|       15      | LIST_PROCESSES
                                    |       16      | PROCESS_LIST
                                    |       17 - 63 | <reserved>
                                    |               |
                      BREAKPOINT    |       1       | INCREMENT
                                    |       2       | INC_COUNT
                                    |       3       | OR
                                    |       4       | SET_PTR
                                    |       5       | SET_STATE
                                    |       6 - 63  | <reserved>
                                    |               |
                      CONDITION     |       1       | CHANGED
                                    |       2       | COMPARE
                                    |       3       | COUNT_EQ
                                    |       4       | COUNT_GT
                                    |       5       | COUNT_LT
                                    |       6       | TEST
                                    |       7 - 63  | <reserved>


                               Command Types
                                 Figure 8





     4.3  Addressing

          Addresses are used  in  LDP  commands  to  refer  to  memory
     locations,  processes,  buffers,  breakpoints and other entities.
     Many of these entities are machine-dependent; some machines  have
     named  objects,  some  machines have multiple address spaces, the
     size of address spaces varies, etc.  The  format  for  specifying
     addresses  needs  to  be  general  enough  to handle all of these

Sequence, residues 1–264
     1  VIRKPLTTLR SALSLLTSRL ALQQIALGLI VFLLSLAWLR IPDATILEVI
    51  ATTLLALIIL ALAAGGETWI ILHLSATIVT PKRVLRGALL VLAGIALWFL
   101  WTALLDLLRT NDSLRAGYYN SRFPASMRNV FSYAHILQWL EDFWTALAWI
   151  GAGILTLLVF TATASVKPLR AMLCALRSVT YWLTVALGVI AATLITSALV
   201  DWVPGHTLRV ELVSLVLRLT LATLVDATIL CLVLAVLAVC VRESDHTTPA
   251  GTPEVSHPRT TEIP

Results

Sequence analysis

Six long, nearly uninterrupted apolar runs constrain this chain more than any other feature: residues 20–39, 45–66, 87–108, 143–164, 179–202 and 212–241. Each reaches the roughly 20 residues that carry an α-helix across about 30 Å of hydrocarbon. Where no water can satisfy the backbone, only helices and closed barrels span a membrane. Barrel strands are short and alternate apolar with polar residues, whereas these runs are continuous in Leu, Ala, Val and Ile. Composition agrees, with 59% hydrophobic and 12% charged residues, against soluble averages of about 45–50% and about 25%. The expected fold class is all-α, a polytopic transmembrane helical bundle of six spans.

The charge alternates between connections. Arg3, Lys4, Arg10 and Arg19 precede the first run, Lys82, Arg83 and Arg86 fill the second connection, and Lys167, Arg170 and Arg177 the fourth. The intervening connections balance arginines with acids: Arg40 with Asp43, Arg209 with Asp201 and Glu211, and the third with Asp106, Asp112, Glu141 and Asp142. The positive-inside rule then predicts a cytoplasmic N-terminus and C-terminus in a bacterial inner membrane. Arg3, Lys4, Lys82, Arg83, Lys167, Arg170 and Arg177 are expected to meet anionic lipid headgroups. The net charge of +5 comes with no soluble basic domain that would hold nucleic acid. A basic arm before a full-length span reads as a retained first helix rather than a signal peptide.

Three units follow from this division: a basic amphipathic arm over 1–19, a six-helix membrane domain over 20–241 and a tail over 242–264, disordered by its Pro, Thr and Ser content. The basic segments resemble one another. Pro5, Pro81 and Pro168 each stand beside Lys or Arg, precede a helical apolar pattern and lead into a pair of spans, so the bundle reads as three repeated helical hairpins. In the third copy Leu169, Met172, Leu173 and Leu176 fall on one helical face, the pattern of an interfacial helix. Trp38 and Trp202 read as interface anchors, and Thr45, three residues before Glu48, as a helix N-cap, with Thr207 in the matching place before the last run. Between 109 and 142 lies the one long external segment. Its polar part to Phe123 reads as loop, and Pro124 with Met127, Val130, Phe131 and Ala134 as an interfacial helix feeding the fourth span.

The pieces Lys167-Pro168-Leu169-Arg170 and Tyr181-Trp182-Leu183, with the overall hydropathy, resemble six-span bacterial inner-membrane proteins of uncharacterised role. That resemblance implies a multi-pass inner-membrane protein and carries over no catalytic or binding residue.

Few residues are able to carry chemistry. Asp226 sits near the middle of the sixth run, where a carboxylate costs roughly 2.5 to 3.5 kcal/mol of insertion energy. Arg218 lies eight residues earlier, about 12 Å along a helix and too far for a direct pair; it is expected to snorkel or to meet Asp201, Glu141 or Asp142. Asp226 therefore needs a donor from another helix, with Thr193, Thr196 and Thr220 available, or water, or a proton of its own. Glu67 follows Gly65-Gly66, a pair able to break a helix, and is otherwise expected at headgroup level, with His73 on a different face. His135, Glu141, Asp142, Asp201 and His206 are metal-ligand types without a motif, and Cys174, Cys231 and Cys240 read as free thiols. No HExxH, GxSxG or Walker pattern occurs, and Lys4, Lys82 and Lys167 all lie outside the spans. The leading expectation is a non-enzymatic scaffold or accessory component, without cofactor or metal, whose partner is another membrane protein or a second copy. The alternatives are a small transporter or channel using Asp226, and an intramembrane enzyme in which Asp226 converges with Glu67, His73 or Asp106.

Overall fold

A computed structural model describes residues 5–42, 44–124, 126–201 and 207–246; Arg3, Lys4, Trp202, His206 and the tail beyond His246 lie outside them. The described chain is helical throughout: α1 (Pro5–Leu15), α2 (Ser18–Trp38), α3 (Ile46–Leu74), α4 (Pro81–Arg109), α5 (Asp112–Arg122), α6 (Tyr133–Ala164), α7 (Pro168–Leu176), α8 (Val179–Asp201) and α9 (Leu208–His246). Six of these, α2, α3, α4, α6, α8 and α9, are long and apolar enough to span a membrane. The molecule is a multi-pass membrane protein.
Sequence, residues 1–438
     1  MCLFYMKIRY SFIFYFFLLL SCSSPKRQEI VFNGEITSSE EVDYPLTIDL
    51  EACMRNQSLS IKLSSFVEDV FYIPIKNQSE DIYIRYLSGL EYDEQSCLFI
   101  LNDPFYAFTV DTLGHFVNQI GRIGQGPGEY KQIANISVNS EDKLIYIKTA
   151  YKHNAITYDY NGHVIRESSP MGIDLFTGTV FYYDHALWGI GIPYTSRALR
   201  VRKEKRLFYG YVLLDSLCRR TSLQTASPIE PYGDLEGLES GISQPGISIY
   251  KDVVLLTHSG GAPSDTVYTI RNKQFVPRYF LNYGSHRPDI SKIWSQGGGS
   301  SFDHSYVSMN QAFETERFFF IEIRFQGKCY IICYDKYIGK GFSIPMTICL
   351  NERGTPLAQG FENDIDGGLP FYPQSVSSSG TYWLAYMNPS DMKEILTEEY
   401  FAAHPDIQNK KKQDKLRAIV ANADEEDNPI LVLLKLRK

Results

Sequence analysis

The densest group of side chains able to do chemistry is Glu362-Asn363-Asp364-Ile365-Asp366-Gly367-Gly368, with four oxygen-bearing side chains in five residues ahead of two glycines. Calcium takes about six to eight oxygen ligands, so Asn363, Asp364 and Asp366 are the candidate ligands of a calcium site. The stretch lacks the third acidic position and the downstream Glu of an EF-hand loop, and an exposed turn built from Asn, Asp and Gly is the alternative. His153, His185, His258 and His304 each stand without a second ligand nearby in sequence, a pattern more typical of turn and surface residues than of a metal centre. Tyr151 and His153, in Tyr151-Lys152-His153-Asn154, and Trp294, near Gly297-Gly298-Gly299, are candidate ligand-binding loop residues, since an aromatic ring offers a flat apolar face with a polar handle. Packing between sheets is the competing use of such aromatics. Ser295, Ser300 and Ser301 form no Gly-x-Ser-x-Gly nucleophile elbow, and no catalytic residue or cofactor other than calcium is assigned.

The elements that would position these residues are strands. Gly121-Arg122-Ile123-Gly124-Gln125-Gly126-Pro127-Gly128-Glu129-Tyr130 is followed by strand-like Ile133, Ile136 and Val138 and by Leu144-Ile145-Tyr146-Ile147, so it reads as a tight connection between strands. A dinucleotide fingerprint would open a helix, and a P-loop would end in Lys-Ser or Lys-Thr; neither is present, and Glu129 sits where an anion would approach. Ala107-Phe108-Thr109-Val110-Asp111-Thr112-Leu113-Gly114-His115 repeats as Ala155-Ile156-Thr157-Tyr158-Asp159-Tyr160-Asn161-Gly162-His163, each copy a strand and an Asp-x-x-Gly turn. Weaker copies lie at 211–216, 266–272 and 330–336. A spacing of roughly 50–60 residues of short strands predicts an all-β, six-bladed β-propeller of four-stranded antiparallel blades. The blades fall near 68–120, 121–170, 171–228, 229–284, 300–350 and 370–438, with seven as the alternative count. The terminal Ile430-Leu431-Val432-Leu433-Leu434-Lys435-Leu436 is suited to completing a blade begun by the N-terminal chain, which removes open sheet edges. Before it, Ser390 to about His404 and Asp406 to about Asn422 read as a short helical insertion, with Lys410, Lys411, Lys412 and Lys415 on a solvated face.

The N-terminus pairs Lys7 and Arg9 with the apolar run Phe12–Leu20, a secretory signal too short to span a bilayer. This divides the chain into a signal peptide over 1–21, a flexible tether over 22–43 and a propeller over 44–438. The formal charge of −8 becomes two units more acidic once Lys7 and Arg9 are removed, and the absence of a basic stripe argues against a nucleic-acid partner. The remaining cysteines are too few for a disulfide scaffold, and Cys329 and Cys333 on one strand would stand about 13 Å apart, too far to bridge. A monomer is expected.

cases.   This  speaks  for  a  large,  hierarchically  structured
     address  format.   However, the disadvantage of a large format is
     that it imposes extra overhead on communication with targets that
     have simpler address schemes.

          LDP resolves this conflict by employing two address formats:
     a  short  three-word format for addressing simpler targets, and a
     long five-word format for others.  Each target LDP is required to
     implement  at least one of these formats.  At the start of an LDP
     session, the target specifies the address format(s)  it  uses  in

Top       Page 23 
     the  Flag field of the HELLO_REPLY message.  In each address, the
     first bit of the mode octet is a format flag:  0  indicates  LONG
     address format, and 1 indicates SHORT format.




     4.3.1  Long Address Format

          The long address format is five words long and consists of a
     three-word  address  descriptor and a two-word offset (see Figure
     9). The descriptor specifies an address space to which the offset
     is applied.  The descriptor is subdivided into several fields, as
     described below.  The structuring of the descriptor  is  designed
     to  support  complex  addressing  modes.  For example, on targets
     with  multiple  processes,  descriptors  may  reference   virtual
     addresses,  registers,  and  other  entities  within a particular
     process.